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Click on a profile title below to read some inspirational stories about Las Olas alumnae. If you are an alumnae, please click here to send us your story. We'd be happy to edit and post an account of your Las Olas experience.

Carol Dalton   |   Elizabeth Southworth   |   Melissa Palmer


Las Olas Guest Profile ~ Carol Dalton
Growing up in Southern California, Carol Dalton surfed up to the time she started art school in Santa Barbara. Wanting to focus on her education, she found that she couldn't maintain both the lifestyle of an artist and a surfer. So surfing was put on hold.

Carol met her husband Lowell, also an artist, while in school. When the couple graduated, they found Santa Barbara to be a little too complacent, so they settled on the edge of the Bay Area where they opened a frame shop. Immersing herself in her business and the local art scene, it seemed her surfing days were long gone.

As Carol began establishing her place as an accomplished fine artist, her future appeared fairly predictable. However, a swell of challenges were now forming on her horizon.

In 2000, Carol had just finished renovating her new studio, when she was crushed by dire news from her doctor. She was diagnosed with ovarian cancer. Her choices were few. She elected to try a battery of treatments including surgery, but her focus was to get back in her studio as soon as she was able to walk. Carol painted throughout chemotherapy, knowing that just being in her studio would make her stronger. She did a whole body of work during that period. “It was helpful for my recovery to come here, to just commune with my studio,” she said. “The work I did then looked heavy-duty, raw. Now it’s getting more lighter, healthier looking.”

The battle raged on, but she fought to beat it with mind and soul. She wasn't about to surrender. She fine tuned her diet and exercised as much as she could bear. Finally, her sheer will was showing signs of success.

Two years later, Carol had a benchmark check up. If she were cancer free now, she'd be statistically past the point of remission. Clinically, she'd have her life back. The results came in negative for cancer. Willpower and the unwavering aid of family, friends and some good doctors landed her on the survivors' list.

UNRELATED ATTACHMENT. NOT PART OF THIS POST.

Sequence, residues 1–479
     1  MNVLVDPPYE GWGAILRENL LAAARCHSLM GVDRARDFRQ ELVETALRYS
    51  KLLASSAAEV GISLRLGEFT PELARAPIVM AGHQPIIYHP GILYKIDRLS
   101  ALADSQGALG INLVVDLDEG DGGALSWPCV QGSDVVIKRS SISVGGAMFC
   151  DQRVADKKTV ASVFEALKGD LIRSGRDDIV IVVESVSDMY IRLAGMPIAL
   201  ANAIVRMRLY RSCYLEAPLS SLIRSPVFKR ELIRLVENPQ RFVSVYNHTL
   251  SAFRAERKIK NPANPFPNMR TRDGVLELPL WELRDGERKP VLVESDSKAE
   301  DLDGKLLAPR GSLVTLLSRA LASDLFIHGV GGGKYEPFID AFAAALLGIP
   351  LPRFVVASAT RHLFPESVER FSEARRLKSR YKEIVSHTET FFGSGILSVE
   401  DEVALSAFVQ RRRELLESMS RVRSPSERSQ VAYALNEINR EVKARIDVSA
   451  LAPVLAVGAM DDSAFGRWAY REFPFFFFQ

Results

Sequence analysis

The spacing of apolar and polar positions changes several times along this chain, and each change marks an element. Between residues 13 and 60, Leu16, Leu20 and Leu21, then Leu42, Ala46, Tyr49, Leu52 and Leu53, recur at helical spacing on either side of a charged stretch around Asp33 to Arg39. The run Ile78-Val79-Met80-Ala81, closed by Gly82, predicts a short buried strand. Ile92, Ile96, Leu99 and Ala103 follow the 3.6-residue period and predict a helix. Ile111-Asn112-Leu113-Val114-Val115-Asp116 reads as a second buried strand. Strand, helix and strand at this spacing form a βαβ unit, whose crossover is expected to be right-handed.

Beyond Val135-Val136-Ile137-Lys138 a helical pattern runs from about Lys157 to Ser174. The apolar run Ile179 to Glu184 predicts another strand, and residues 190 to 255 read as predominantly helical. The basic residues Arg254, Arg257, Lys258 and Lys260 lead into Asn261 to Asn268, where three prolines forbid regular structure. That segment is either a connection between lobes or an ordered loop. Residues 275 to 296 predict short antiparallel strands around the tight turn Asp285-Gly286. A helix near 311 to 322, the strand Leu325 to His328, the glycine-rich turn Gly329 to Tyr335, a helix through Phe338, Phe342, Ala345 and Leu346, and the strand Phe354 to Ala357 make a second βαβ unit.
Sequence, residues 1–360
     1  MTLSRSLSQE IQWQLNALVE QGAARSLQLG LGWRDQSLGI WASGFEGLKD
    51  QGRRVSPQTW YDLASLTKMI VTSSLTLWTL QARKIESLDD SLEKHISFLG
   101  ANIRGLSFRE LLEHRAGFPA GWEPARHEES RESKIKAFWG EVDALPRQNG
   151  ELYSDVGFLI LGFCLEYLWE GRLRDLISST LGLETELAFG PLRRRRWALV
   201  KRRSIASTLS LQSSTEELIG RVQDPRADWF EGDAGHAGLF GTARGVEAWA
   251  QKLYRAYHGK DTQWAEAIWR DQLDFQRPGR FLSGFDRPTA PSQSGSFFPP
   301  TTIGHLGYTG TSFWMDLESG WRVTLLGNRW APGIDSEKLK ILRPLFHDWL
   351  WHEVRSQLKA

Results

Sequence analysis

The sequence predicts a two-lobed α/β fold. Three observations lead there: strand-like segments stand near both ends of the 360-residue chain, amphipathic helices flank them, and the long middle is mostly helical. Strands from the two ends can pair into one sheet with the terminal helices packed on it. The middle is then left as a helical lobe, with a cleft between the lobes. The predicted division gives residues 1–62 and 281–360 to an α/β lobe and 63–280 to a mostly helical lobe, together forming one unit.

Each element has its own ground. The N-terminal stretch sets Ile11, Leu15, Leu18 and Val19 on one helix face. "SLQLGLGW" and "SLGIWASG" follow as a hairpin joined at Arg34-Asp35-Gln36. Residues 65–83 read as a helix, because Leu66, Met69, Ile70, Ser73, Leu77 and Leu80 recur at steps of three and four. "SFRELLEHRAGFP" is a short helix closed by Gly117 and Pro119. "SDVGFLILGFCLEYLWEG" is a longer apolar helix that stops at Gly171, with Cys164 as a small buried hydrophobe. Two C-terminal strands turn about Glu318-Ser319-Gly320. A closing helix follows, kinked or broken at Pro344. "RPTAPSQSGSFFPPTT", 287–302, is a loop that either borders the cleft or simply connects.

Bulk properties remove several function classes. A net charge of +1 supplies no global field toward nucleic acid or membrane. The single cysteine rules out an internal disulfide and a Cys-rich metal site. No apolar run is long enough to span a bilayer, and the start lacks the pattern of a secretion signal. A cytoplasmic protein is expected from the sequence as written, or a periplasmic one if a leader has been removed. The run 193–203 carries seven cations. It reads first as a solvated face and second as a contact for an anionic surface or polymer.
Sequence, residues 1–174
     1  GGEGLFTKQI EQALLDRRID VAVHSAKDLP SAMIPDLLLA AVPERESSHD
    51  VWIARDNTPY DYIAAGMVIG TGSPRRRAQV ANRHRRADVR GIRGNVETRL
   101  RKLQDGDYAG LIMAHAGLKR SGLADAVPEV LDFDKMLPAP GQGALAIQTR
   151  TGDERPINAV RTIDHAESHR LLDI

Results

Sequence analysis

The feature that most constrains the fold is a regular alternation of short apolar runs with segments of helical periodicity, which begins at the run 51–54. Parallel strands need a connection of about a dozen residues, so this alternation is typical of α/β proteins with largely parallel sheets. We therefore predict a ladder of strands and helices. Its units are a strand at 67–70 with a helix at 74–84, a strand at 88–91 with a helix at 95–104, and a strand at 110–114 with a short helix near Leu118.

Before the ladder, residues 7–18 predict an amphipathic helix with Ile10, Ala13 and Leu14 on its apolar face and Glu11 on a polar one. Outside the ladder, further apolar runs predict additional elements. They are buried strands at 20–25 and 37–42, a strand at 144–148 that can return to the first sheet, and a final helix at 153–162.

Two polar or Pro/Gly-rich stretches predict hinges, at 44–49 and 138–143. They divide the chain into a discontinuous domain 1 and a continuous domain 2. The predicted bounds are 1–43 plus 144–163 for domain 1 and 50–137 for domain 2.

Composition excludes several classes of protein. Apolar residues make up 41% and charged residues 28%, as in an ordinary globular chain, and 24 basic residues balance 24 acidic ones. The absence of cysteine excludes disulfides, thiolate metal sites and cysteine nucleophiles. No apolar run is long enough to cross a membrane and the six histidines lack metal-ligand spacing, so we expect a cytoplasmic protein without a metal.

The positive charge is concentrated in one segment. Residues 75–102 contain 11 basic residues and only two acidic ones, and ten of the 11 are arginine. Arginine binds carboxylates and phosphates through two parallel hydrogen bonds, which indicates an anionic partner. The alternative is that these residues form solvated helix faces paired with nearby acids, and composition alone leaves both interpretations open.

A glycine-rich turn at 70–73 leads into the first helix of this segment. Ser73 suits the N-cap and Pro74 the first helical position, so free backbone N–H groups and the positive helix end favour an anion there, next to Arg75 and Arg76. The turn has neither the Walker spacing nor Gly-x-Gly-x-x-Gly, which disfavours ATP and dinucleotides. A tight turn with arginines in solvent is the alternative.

Returning to the Sea
For sometime, Bev Sanders had been suggesting Carol go surfing with her at Las Olas. Interest sparked, Carol decided to first test the waters in Santa Barbara. She hadn't surfed in 30 years, but it came right back. Feeling strong, healthy, and fortunate, she signed up for Las Olas in January. In Mexico, still nervous that she didn't have the skills she once had, Carol sat attentively through the classroom lessons, then paddled out for her moment of truth. Sitting on the shoulder, she checked the scene, picked her wave, and paddled in like it was yesterday. The photo of her first bottom turn proves she never lost it.

The story of Carol’s surfing ability quickly made it’s way through the Las Olas news network. “Carol ripped in Mexico!” was the standard headline. She was humbled, “I surfed like it had only been two weeks, not 30 years since surfing last. I had the coordination; I was just a little stiffer, but I felt like I was 16 years old.” Bev agreed, “We've been hosting women surfers for over five years and I've never seen any guests surf like Carol. And to think, she hadn't surfed in three decades! She's amazing!”

Art Imitates Nature
Back home Carol's work showed signs of renewal. Her paintings are often earthy and dry in color and texture, conjuring essence of desert, sand, rock, and dry branches. Her newest work draws from ocean and sky, employing a cool palette and adding playful botanicals, inspired by her recent trip to Las Olas. Alumni will immediately recognize the influence of the Mexican surf village.
Carol uses her perspective to help viewers make the connection with the natural world, calling her paintings environmental pieces. “My work will always be about my environment.”

Completing the Circle
Carol has proven that she can beat cancer, work as an artist, and still surf along the way. “I've learned that it’s important to do things you love now. I was naive to think I had to make a choice, so don’t wait to enjoy things.” Carol feels fortunate to have learned this lesson in time.
Some 30 years ago, Carol traded her love to surf for her love to paint. She admits, she would not be where she is today without sacrifice and self-discipline. So after a successful show recently, one may have guessed she'd buy more paints and canvas.
She bought a wetsuit and a new surfboard.


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